At the the crest of the climb, I found myself pedaling through something out of a painting. The dirt road went right through an old abandoned farm/ranch house, high in the mountains, surrounded by green grass and tall aspens. The old wooden fences were aged by years of winters, and the sunlight coming down through the trees made the place look enchanted.
I passed through this scene and met a few other riders checking out the route.  They weren’t racing, but simply a few locals enjoying the remoteness of this tiny dirt road in the mountains.

 
I was finally making my way downhill. But then I stopped and snapped a picture.

 
The road was now a narrow , winding mountain road. No guardrails, hundreds of feet to the bottom of the valley, rocky, and did I mention it was narrow?

 
But the view made it all worthwhile. Before me, I could see numerous famous “14ers”, mountains with peaks that went above 14,000 feet. It was breathtaking, to say the least.
But enough of that touchy-feeling stuff, I had a massive downhill ahead of me. In around 2 miles I would lose nearly 2,000 ft of elevation! All that awesome non-pedaling action was calling my name.

 
Those views, however, kept distracting me.  As soon as I would be in the groove, wrestling my 44 pound bike down the nasty, loose, dangerously steep road, I would become entranced by how beautiful the light curved around those peaks in the distance.

 
Then I’d catch myself doing 25 mph and having to skid to a stop before a curve that, if I hadn’t stopped, would have sent me down a sheer cliff face 200 feet to my doom.
Nature had a bounty on my head, it seemed.

 
After narrowly escaping certain demise a few times, I found myself rolling into Salida.  This is the kind of town I can see myself living in. Awesome skiing, mountainbiking, not that big, super friendly, the works! After finding a room for the night I decided to check out the town.  It had a neat older downtown with numerous shops and restaurants. I had time to go check out the bike shop that was featured in the Ride the Divide documentary.

 
I didn’t buy anything.  Much too expensive.

After a meal and a good night’s rest, I was ready to tackle the Marshal Pass.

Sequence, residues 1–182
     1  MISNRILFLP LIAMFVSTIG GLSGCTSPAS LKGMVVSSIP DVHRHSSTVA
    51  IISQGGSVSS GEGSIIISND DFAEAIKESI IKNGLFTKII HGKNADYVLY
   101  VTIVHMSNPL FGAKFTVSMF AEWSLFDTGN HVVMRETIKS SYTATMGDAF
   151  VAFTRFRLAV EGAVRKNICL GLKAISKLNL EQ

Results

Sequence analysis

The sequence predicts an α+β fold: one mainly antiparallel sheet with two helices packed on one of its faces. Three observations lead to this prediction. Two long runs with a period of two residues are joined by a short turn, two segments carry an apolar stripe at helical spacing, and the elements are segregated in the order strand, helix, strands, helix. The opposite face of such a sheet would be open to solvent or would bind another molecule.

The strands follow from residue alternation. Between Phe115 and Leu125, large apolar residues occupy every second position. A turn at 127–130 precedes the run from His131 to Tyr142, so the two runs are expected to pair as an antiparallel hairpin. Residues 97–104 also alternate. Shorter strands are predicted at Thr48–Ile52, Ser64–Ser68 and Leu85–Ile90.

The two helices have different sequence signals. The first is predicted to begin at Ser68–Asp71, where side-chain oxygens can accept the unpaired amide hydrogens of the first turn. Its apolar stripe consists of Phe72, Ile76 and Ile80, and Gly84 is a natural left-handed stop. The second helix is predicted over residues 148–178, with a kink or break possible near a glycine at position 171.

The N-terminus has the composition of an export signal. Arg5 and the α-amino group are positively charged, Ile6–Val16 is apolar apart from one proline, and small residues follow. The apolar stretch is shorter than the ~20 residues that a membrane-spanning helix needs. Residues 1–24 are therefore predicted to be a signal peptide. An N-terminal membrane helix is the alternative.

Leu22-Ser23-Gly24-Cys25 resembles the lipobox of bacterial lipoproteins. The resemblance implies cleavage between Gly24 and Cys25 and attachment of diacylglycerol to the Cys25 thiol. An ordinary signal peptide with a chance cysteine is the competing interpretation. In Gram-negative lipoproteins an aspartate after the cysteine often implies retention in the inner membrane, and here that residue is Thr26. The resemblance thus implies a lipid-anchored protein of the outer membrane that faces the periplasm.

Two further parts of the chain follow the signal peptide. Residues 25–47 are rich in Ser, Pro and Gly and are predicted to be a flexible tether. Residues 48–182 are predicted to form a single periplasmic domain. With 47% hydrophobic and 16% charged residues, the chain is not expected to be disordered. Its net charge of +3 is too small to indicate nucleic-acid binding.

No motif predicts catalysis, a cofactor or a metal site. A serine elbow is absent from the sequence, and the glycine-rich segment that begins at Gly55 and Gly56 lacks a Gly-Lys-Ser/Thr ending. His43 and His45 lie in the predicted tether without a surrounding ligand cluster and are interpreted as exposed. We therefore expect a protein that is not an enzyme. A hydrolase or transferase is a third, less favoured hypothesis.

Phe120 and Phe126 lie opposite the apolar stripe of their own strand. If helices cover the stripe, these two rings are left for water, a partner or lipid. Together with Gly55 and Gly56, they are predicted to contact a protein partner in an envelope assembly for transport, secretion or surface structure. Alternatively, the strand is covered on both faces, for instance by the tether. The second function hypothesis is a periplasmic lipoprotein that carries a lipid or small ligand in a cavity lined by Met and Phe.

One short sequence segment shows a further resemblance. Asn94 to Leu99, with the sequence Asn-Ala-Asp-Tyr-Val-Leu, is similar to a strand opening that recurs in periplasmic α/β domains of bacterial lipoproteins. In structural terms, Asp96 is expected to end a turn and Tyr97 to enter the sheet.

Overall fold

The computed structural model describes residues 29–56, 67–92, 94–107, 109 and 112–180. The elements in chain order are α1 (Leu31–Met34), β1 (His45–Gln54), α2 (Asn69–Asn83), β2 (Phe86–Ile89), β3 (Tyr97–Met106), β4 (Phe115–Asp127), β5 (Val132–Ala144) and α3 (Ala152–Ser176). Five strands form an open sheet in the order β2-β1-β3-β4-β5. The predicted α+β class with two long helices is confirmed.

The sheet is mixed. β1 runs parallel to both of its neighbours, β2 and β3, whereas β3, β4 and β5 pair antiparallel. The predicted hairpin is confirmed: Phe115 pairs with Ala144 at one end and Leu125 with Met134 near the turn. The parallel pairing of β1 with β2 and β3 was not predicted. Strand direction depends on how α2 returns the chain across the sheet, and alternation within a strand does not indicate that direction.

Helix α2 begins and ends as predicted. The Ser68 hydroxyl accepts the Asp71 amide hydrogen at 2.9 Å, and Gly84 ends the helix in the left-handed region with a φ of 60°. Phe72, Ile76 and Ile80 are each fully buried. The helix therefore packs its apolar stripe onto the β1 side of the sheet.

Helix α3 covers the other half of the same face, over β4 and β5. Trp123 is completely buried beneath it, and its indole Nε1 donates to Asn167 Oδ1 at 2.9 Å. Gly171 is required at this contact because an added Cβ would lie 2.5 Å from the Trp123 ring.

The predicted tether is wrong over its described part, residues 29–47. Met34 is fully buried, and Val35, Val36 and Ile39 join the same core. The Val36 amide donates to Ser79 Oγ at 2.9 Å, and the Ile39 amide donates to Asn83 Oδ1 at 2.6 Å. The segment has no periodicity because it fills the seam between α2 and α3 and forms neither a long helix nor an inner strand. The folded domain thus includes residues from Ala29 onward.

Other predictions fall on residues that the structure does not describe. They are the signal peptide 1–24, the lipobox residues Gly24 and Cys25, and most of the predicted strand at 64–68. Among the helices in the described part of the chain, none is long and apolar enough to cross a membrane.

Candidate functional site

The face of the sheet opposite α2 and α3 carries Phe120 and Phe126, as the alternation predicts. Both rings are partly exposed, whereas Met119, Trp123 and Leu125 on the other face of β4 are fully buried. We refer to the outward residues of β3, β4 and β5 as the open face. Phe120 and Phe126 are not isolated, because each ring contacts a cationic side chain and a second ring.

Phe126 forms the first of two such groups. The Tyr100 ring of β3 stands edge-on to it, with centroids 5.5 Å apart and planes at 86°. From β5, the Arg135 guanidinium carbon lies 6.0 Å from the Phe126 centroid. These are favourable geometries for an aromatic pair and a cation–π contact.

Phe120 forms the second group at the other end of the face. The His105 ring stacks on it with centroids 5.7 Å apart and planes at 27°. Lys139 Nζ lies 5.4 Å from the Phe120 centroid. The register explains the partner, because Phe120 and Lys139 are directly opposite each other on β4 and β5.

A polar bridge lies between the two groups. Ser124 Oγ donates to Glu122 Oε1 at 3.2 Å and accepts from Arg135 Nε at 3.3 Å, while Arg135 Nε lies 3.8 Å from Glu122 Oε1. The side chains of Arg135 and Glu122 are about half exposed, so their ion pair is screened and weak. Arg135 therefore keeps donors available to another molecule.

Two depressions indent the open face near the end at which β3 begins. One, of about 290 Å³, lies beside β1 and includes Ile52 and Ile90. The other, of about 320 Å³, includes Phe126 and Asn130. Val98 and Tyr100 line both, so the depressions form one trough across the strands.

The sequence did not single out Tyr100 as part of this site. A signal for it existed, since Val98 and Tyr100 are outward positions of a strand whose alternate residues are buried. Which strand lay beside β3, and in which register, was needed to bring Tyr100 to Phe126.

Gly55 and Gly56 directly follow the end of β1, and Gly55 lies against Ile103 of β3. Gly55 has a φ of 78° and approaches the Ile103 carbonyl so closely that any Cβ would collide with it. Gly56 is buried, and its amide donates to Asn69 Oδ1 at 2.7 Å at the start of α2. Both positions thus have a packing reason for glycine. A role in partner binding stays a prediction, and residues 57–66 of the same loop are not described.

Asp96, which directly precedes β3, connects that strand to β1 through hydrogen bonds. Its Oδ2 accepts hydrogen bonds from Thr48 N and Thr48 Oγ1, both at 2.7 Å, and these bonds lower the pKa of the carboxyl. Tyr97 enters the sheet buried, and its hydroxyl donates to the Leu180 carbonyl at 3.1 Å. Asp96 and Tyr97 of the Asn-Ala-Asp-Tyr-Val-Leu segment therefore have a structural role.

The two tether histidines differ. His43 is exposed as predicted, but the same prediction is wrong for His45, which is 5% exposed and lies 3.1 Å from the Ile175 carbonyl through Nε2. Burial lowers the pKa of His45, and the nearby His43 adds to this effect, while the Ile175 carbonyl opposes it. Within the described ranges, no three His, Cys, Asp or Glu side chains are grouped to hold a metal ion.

Riding out of Salida, I spent a good fifteen miles on pavement on the shoulder of a very busy highway before I hit a thirty mile stretch of tiny park roads and a nasty long climb to Marshal Pass. But right before my tires touched dirt, I had to kill a deer.

 
I came across an older couple, probably in their 60’s, speaking with another slightly younger (40s?) Hispanic woman.  Then I saw, off to the side of the road, an animal laying in the ditch.

 
It was still moving.

 
I immediately threw my bike down and ran up to the group and asked “Who hit the deer?”

 
They looked at me like I was an idiot.

 
Apparently, the Hispanic lady was somewhat lost, and the elderly couple stopped to help her out.  And 10 yards away from them was a female mule deer writhing in agony.  The poor thing had been hit by a car probably earlier that morning.  It had a broken back, and two compound leg fractures (front and back, right side).  It was still very conscious and didn’t want me near it. But, it couldn’t get up to run away either.

 
After I pointed this out to the individuals at the road, the  Hispanic women exclaimed “Dios Mio!” and I asked if the older gentleman was squeamish at all.

 
He said “No…” but his face and tone said “Aw crap…” I grabbed my knife from my bike and told him to hold the front legs and keep the doe from moving while I slit its throat.

 
I made it quick and clean. I held it until it stopped struggling. Afterwards, hands, knife, and jersey bloodied, I put my knife away and thanked the man.

 
We didn’t shake hands, for obvious reasons.

 
I saw the Hispanic woman digging around in her car, saying something. She pulls out a small vial of water. Apparently she was looking for her small stash of holy water. She began crossing herself as she splashed it on the dead deer.

 
I nearly asked if she had anymore to wash my knife with, but thought better of it. I had places to be.

 
Marshal Pass was an interesting experience. This area was a very popular recreation spot for locals and tourists alike. It had beautiful high-country lakes and miles and miles of dirt roads and trails to explore.  I was climbing for most of the morning on the main park road that made its way up and over the pass.  However, on the way up, there were a few young people on 4-wheelers (ATVs, for those of you outside of East Texas) riding up and down this pass very quickly.